Deregulation: Opening the Floodgates

In Jennifer Holt’s Empires of Entertainment: Media Industries and the Politics of Deregulation, she examines the ways in which opportunities to expand (in any way one chooses to define this term) became available once heavily mandated laws were placed on media, specifically broadcast television. The Federal Communications Commission (FCC) halted its regulations on public programming under the presidency of Ronald Reagan, which she sheds light on. “During a crucial moment for media deregulation in his first term, President Reagan intervened on behalf of the Hollywood studios—reneging on his commitment to keep the government’s hands out of marketplace affairs in order t help his former colleagues. ‘Film is forever,’ he said at the fifty-third annual Academy Awards in 1981,” (p. 4)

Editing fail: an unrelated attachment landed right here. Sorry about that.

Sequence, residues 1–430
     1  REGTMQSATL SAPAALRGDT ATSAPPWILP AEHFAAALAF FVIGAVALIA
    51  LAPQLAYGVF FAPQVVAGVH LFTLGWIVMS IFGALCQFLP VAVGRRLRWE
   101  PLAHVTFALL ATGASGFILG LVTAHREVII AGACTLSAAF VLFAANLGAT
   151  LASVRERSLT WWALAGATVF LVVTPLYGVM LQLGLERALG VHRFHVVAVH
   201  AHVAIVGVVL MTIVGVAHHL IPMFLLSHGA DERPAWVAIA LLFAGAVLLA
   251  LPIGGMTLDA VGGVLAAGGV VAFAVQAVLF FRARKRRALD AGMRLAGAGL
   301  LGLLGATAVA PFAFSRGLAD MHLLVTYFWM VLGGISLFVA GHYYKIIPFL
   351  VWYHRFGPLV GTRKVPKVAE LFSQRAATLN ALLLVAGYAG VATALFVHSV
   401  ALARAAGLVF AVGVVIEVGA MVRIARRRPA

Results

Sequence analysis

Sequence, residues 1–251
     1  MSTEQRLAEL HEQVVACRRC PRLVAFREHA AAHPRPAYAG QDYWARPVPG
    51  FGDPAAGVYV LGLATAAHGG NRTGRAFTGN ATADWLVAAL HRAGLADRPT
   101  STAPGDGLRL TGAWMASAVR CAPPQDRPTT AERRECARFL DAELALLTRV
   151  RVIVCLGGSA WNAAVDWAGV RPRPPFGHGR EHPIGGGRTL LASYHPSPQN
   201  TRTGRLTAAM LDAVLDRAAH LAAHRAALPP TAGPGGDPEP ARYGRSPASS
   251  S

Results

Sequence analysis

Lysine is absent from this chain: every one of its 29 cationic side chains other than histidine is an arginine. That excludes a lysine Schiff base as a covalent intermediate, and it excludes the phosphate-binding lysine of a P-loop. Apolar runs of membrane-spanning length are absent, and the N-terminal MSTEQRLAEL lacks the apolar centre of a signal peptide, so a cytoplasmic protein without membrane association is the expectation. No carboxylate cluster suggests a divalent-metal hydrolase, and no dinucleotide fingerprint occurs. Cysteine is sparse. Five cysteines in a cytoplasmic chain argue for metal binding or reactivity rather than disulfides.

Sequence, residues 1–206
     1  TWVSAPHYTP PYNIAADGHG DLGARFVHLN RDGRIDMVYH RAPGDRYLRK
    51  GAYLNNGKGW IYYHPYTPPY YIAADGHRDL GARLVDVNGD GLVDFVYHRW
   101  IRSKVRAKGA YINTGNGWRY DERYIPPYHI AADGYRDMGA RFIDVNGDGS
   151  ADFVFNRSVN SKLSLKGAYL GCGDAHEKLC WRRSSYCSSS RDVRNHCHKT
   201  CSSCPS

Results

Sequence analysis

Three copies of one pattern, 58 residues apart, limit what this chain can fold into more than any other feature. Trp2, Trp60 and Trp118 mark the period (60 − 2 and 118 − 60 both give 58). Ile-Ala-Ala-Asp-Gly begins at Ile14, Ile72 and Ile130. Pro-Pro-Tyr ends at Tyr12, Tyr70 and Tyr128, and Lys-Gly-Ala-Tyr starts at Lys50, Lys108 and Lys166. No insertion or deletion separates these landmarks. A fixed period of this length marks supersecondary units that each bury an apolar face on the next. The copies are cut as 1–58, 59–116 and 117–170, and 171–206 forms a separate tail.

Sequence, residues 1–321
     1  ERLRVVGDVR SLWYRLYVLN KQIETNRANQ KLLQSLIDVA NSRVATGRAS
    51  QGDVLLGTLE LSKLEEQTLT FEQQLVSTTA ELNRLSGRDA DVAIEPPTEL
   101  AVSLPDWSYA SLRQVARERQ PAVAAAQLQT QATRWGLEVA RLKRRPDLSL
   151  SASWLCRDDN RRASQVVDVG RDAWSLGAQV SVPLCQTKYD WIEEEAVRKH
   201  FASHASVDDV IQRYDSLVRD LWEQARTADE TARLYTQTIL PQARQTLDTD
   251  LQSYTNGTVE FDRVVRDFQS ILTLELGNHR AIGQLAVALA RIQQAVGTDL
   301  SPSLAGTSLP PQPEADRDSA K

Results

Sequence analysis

It was highly indicative that the entertainment industry began to grow rapidly once there was such a thing as major conglomerates controlling “89 percent of the domestic exhibition market,” (p. 43). Film and cable began to fuse more rapidly than ever, however films still made majority of their profits from domestic theatre releases, according to Holt. Cable surely did disrupt, positively speaking, the course in which film was traveling.

1996 was definitely a pivotal year for the evolution of televised programs and the conversion of film and cable. It represented the homestretch of the film-broadcast-cable fusion. “By 1996, the political landscape was no longer hostile to common ownership of telecommunications, cable, broadcast, and film,” (p. 140).

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